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Pest Information

Subterranean Clover

Subterranean Clover

  • Latin Name: Trifolium Subterraneum
  • Common Name: Subterranean Clover
  • Other Names: Sub clover

Pest Details

Subterranean Clover
Subterranean Clover
Subterranean Clover

Origin:

Native to Europe and introduced to the United States, where it now is found along the Pacific Coast, and from Louisiana along the Gulf States to Florida and sporadically north along the Atlantic Coast.

Biology:

An annual weed that grows prostrate and spreading, with stems growing out to a diameter of several feet. It can be a very invasive weed in poorly maintained turf, creating thick mats that crowd out desirable grasses. It does not grow well in shaded areas and generally needs moist soils.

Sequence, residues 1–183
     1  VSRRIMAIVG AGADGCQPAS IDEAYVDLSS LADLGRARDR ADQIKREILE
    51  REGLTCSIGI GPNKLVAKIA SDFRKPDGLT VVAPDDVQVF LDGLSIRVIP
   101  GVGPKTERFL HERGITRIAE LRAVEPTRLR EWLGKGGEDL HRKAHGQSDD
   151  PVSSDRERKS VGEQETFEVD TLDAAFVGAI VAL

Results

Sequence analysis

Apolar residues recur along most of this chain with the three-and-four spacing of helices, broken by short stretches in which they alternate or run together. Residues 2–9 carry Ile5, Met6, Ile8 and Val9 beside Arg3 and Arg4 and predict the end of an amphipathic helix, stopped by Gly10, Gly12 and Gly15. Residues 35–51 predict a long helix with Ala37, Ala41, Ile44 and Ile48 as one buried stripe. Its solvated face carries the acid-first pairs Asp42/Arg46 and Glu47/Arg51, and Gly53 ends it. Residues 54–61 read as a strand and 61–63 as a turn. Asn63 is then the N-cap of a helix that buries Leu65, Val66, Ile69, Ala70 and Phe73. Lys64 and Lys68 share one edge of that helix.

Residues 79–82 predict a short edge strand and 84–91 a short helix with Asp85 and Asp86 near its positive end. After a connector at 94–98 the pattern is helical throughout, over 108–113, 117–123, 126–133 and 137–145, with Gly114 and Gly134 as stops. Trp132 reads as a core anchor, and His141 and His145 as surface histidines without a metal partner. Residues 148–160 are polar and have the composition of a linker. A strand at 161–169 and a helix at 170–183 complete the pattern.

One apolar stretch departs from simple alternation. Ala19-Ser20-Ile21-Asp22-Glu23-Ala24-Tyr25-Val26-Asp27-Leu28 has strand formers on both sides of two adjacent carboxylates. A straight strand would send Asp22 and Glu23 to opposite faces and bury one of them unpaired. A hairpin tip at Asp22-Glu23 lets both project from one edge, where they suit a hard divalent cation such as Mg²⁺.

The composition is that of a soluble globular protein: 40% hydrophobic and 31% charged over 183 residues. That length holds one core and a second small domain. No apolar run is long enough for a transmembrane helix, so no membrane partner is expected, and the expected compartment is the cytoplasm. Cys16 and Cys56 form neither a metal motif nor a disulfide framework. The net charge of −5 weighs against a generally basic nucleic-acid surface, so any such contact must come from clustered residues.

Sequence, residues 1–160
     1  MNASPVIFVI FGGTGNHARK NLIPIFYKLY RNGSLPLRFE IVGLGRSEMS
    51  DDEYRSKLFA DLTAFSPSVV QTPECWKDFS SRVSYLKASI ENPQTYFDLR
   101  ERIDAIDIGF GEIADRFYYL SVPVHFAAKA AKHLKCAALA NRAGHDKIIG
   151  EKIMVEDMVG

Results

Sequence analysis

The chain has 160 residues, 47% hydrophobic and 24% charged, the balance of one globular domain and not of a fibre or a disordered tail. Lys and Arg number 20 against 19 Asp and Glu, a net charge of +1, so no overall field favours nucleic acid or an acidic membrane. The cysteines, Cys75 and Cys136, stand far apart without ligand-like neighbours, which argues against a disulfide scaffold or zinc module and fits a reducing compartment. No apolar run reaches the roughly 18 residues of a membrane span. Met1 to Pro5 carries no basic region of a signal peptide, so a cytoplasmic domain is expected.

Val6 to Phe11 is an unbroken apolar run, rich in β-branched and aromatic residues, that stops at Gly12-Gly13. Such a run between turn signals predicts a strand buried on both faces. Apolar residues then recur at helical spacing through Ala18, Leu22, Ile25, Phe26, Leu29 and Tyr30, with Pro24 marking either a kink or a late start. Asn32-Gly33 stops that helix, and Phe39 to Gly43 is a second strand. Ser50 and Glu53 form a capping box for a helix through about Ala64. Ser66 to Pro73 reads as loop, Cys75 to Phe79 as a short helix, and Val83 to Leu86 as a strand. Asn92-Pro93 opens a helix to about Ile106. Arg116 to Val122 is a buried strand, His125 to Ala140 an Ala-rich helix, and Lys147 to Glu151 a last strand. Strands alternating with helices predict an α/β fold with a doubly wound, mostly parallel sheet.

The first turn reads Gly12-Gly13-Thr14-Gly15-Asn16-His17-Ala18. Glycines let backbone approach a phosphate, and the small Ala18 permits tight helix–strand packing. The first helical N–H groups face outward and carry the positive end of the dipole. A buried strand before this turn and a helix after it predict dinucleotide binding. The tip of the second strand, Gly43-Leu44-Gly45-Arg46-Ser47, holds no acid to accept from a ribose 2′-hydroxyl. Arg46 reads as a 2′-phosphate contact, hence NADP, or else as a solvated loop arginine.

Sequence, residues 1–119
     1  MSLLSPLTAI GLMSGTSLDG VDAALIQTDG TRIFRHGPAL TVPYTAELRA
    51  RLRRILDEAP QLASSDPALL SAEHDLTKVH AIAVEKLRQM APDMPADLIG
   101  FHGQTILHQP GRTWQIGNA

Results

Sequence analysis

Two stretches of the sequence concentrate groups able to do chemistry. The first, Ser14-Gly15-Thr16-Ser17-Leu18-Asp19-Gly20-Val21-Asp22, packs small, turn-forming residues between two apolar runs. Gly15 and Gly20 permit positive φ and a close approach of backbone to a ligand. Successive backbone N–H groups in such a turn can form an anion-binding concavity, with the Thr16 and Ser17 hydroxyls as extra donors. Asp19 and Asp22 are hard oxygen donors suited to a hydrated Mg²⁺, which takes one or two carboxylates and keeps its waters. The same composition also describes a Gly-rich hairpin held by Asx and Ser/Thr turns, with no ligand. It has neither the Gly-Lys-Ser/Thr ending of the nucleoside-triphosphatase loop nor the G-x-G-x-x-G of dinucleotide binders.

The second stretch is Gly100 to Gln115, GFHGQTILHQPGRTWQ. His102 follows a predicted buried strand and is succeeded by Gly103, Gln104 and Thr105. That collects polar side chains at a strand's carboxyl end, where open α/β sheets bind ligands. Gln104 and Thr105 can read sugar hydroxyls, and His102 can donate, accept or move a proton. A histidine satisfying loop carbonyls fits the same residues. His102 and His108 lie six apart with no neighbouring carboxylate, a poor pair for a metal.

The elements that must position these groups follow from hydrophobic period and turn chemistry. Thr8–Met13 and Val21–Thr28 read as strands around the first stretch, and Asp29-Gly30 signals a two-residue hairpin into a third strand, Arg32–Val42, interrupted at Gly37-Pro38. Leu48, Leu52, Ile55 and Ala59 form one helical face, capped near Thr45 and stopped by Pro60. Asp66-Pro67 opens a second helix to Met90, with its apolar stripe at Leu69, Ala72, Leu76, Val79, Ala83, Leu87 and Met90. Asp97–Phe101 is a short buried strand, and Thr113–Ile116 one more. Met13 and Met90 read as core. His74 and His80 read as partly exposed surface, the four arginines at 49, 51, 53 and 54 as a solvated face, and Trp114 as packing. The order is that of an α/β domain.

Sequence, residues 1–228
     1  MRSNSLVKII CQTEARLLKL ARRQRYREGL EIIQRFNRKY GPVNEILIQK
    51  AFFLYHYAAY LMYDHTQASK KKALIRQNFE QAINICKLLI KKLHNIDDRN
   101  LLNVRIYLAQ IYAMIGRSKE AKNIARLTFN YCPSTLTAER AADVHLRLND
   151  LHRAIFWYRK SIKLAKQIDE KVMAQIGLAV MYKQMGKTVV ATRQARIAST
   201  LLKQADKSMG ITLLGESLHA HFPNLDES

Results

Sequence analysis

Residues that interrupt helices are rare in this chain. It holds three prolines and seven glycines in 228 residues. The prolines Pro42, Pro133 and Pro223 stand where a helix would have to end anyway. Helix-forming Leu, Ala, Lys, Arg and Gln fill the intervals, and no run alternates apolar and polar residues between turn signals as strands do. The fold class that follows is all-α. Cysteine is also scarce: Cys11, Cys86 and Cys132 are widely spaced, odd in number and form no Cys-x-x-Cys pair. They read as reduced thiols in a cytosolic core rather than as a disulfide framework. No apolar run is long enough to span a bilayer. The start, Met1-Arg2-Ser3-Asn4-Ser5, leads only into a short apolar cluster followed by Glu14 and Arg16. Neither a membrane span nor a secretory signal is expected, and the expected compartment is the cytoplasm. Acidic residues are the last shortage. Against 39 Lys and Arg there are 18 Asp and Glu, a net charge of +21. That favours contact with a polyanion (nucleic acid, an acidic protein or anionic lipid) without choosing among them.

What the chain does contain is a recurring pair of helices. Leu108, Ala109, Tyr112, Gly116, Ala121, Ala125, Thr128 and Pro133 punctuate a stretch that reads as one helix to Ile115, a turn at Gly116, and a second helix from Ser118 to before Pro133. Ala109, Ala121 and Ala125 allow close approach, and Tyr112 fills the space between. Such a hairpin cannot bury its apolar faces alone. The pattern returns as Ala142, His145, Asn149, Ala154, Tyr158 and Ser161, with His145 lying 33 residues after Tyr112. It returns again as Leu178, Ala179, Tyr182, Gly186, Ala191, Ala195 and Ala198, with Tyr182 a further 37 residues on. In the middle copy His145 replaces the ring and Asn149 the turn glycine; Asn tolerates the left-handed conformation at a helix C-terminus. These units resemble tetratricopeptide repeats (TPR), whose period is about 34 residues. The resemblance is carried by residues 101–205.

Identification:

Mature plants are prostrate and spreading, and openly mat-like. Stems are tough and wiry, often reddish, and are covered with short, soft hairs. The leaves are alternate and distantly spaced along the stems, and are divided into 3 separate, heart-shaped leaflets. The flower heads contain only 3 to 5 elongated, white flowers, distinguishing them from the similar White Clover. When the petals fall the long calyx tends to droop to the sides of the stem.

Characteristicts Important to Control:

A systemic, broadleaf herbicide will effectively control this weed in turf settings, and a pre-emergent herbicide will be needed to prevent germination of seeds. Plants have a tough, fibrous root system that resists hand removal.

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